Prix: Doubles from £275, room only
Best for a Highland fling: Prestonfield House
Stride past the herd of Highland cows and strutting peacocks, past deer estate turned golf course, then greet the kilted doormen waiting on you hand and foot. This 23-room country hotel is set within the city limits, but a world apart in terms of architecture, de l'art, antiques and ambience.
Located in eight hectares of parkland, with a croquet lawn and putting green, this grand baroque manor is more Highland hunting lodge than urban bolthole. Check out the Bonnie Prince Charlie-meets-Alexander McQueen design and riot of stag antler armchairs and gilded mirrors for proof. Puis, in the middle distance, beyond the golf course, eye the gorse-trimmed ridge line of dormant volcano Arthur’s Seat, offering a Highland reverie in miniature. That shiver down your spine? This is Scotland, in all its brash, intoxicating glory.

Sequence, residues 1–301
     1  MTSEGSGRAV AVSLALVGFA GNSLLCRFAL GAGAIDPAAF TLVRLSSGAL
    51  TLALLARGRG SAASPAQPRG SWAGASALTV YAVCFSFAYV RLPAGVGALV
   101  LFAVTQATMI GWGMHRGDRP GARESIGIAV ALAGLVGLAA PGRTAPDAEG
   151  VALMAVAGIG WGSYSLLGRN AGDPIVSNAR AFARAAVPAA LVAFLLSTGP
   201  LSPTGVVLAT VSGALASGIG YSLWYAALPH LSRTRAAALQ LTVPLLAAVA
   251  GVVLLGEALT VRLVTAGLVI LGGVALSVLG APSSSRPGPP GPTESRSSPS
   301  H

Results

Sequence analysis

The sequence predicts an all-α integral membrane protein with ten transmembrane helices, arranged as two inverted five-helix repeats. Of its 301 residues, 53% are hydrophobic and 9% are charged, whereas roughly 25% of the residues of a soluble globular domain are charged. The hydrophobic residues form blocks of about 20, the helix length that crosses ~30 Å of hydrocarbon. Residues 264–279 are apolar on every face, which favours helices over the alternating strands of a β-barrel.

Prix: Doubles from £375, B&B
Idéal pour la conception: Kimpton Charlotte Square
Neighbourhood: extremite ouest
Not many hotels can claim one of the most talked-about restaurants in the city, but this is the main attraction at Baba, a Levant-inspired charcoal grill and cocktail bar that dominates the ground floor at this sprawling collection of townhouses. It’s a seductive spot from Glasgow-based Ox and Finch, with Phileas Fogg travel souvenirs, ruby-red Persian wall rugs and medina-style glass lamps.
The hotel itself is geared towards a young, city-breaking crowd, wedged between the bar-hopping pubs of Rose Street and splashier clubs of George Street, making this ground zero for those with unruly beards, sailor tattoos and progressive hairstyles. That also explains the record players, candy-red bedside telephones and punked-up animal prints in the rooms. Which are just as cool as they sound. For rainy days, there’s a pool, sauna and steam room.